Like it or not, few can deny the fact that the Hannibal legend is lasting. Ever since Thomas Harris’s inimitable psychopath entered the public consciousness, things have never been the same. Following the slew of successful cinematic adaptations of the literary series, the Hannibal world was adapted once more for the small screen last year. Starring Mads Mikkelson in the eponymous role, Bryan Fuller’s Hannibal has caused an undeniable ripple in the television world. Ruffling more than a few feathers, the TV series is dark, stylish and, of course, filled to the brim with blood and gore. Of course, a multimedia legend needs a fitting soundtrack and it should come as no surprise that composer genius and long-time Sofia Coppola collaborator, Brian Reitzell was tasked with the Hannibal legend.
Following his recent solo work ‘Auto Music’, Reitzell is clearly hitting his musical stride, his blend of eerily electronics and pulsing rhythms so fitting for the current cultural climate. Reitzell has no qualms about featuring unusual instruments in his work, either and it is perhaps because of this that his unsettling music works so well within the Hannibal setting. One of the most memorable and sinister sounds from the first season’s score comes from the Bullroarer, an aboriginal instrument which Reitzell used to create a spinning, surround-sound. In fact, Reitzell’s music is so effective that even the composer himself admitted that he found it more frightening than the action onscreen.
Split into two volumes, Reitzell’s score spans the entirety of the first television season, with each episode granted its own musical track. Creating longer individual pieces rather than brief, repetitive themes, Reitzell treats each cue as a prelude to the episode narrative, a musically condensed overview. Whilst the entirety of the soundtrack works very well as an extended piece, it is in the first volume that Reitzell really shines. Focusing on a dischordant string of tuned percussion heard from ‘Amuse Bouche’, the sound is queasy, unsettled and truly creepy. No cue is musically repetitive. ‘Potage’, for example, features a number of musical themes, linked together by the electronic drone which underscores the track. Although the melodies are musically conflicting, they fit within the score. Representing the deceptive nature of the TV series, Reitzell shows many sides to his music, nonetheless managing to pull them together into a coherent whole.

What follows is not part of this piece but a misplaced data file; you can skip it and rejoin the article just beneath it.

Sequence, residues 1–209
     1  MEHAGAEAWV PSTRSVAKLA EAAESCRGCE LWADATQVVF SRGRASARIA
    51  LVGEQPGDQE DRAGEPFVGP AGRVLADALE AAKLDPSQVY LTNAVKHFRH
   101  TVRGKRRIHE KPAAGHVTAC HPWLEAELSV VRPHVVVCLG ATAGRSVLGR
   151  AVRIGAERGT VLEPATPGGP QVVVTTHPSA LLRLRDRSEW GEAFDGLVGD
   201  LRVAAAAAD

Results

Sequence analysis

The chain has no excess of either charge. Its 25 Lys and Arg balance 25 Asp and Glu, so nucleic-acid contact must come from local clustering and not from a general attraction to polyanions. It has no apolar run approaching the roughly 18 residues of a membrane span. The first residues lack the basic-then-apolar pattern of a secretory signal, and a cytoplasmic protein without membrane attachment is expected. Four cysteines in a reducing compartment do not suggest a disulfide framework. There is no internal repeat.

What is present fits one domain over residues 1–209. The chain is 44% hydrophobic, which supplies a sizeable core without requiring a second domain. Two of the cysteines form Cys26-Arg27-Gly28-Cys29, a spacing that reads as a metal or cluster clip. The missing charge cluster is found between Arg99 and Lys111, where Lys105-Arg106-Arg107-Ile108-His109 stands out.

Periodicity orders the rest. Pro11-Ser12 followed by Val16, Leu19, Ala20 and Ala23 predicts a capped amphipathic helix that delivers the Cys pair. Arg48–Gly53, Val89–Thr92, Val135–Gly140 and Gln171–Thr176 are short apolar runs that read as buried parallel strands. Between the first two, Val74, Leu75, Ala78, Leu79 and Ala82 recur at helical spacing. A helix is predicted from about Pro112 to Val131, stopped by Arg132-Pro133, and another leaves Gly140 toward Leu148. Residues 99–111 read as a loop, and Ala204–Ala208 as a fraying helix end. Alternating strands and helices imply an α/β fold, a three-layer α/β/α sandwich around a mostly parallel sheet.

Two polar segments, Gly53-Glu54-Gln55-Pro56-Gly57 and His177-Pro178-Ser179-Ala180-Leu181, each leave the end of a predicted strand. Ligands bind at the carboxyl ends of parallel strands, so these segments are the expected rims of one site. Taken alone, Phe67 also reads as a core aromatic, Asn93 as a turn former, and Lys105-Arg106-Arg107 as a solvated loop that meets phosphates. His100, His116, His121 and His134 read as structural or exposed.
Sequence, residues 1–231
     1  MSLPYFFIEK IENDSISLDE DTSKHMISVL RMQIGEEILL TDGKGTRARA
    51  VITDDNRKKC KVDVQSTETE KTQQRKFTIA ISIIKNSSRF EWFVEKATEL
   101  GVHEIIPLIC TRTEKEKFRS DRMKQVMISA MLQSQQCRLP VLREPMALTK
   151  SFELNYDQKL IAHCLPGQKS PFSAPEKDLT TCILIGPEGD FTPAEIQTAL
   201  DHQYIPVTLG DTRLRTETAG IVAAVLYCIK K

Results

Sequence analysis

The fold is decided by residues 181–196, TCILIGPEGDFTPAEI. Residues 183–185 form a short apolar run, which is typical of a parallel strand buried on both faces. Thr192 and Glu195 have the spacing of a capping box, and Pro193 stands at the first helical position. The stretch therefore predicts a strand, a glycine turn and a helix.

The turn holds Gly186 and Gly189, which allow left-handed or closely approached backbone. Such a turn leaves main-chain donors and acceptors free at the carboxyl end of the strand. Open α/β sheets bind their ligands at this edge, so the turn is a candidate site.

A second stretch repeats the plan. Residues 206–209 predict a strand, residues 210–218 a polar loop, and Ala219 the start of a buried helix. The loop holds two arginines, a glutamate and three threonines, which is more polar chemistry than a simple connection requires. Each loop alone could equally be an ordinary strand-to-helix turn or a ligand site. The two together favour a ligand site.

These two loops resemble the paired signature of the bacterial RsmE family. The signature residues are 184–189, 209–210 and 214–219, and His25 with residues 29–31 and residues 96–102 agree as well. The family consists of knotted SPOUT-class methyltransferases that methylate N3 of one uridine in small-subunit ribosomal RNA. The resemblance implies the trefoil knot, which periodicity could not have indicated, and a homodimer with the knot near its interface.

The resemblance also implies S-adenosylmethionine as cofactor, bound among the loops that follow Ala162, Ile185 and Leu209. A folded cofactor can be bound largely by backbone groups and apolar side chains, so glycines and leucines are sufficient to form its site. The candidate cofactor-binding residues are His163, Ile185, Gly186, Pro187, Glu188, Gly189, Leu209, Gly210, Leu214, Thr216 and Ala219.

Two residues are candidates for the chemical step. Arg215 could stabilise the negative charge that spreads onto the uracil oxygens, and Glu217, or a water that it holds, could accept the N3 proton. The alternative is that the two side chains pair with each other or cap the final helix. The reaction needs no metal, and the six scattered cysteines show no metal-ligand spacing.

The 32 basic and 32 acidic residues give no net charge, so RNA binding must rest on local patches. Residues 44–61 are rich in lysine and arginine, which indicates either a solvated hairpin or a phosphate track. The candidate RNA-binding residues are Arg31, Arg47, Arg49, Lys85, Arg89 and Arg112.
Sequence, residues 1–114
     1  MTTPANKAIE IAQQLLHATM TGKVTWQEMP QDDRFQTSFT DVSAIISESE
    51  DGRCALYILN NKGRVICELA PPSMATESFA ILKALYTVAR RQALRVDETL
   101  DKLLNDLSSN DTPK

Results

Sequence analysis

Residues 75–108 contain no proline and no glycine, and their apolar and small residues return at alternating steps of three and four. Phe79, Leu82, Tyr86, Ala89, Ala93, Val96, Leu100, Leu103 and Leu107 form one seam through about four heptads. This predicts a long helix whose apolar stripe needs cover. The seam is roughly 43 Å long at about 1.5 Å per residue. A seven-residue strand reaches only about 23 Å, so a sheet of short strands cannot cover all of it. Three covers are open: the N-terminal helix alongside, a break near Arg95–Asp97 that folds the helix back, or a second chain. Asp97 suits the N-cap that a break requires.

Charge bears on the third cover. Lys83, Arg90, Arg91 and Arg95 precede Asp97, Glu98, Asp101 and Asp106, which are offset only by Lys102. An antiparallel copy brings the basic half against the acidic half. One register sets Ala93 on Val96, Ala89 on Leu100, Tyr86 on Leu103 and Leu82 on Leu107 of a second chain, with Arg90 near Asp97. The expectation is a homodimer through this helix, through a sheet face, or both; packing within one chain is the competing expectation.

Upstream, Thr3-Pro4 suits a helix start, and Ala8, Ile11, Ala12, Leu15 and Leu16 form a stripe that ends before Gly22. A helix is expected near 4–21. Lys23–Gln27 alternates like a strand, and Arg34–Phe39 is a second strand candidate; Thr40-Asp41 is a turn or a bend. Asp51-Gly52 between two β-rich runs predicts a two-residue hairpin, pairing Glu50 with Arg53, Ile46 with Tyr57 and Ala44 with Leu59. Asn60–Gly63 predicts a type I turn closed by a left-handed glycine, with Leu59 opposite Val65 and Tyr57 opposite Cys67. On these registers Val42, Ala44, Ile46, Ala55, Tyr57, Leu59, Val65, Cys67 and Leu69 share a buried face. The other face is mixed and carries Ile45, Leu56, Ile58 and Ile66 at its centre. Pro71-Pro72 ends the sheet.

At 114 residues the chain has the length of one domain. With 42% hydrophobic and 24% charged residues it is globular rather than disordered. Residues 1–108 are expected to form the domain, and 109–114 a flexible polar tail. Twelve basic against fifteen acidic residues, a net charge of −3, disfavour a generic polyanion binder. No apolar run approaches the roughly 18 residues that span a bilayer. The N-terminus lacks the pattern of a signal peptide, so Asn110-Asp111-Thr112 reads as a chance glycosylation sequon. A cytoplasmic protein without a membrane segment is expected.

Balancing individual melodies with insidious drone lines, the first volume of the score nicely represents each episode of the series and the subtle way in which they all can be connected. Often developing individual themes for each episode cue, Reitzell proves that cogent and intelligent scoring does not have to be boring.
It is within the second volume that a number of things start to go wrong. Focusing on the pulsing bass line, Reitzell often overlooks the possibility of melodic development and as a result, the cues can start to sound a little underworked. Whilst cue ‘Roti’ is broodingly effective as a deep electronic piece, it lacks some of the musical colour of earlier works and after a time, starts to sound a little repetitive. In contrast to this, ‘Trou Normand’ uses a heart-beat sound over and over again, which, whilst initially interesting, soon loses its effect. It is not until the end of the second volume that Reitzell picks up his stride once again. With cue ‘Savoreux’, he experiments with a number of non-musical sounds with lasting results. Rife with waves of electronic buzzing and clunking creaks, the track builds and develops with just enough speed to leave you with a very real sense of dread.
Reitzell is a musical legend. His work is consistently thoughtful, focused and lasting. Working within the parameters of his own musical style, he is able to adapt what he knows just enough to make each new work truly interesting. With Hannibal, Reitzell is truly successful. Despite a few musical set-backs in the second volume, the soundtrack is a musical delight. Pushing aside heavy melodic developments in favour of sporadic and experimental sonic flourishes, Reitzell creates a score which effectively balances the dark world of Bryan Fuller’s creation. After his offbeat, unpredictable score for the first season of Hannibal, it is with great excitement that we should anticipate his second.